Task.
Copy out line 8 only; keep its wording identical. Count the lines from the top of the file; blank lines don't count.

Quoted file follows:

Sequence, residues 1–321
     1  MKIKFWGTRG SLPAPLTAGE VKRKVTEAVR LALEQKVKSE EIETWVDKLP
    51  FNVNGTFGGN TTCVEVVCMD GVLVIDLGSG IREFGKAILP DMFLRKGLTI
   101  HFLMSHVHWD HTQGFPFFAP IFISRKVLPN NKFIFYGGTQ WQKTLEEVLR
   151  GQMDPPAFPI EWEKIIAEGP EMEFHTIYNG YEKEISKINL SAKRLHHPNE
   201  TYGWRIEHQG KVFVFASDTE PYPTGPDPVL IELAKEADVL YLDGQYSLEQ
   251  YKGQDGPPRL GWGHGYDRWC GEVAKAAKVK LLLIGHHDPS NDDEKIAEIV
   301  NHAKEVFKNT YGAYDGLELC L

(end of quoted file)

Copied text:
   301  NHAKEVFKNT YGAYDGLELC L